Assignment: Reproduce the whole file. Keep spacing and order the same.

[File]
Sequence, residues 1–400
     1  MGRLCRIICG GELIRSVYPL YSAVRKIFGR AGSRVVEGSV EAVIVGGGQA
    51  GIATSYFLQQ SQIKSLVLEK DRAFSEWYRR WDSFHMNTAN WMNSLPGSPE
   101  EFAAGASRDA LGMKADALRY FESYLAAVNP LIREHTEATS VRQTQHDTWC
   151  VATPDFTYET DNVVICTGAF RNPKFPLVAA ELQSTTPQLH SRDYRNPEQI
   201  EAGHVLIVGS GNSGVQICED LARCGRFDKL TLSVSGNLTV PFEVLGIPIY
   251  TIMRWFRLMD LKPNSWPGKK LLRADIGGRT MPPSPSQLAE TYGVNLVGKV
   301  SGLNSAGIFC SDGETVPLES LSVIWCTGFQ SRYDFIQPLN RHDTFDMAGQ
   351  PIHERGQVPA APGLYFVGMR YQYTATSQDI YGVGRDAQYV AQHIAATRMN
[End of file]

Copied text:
Sequence, residues 1–400
     1  MGRLCRIICG GELIRSVYPL YSAVRKIFGR AGSRVVEGSV EAVIVGGGQA
    51  GIATSYFLQQ SQIKSLVLEK DRAFSEWYRR WDSFHMNTAN WMNSLPGSPE
   101  EFAAGASRDA LGMKADALRY FESYLAAVNP LIREHTEATS VRQTQHDTWC
   151  VATPDFTYET DNVVICTGAF RNPKFPLVAA ELQSTTPQLH SRDYRNPEQI
   201  EAGHVLIVGS GNSGVQICED LARCGRFDKL TLSVSGNLTV PFEVLGIPIY
   251  TIMRWFRLMD LKPNSWPGKK LLRADIGGRT MPPSPSQLAE TYGVNLVGKV
   301  SGLNSAGIFC SDGETVPLES LSVIWCTGFQ SRYDFIQPLN RHDTFDMAGQ
   351  PIHERGQVPA APGLYFVGMR YQYTATSQDI YGVGRDAQYV AQHIAATRMN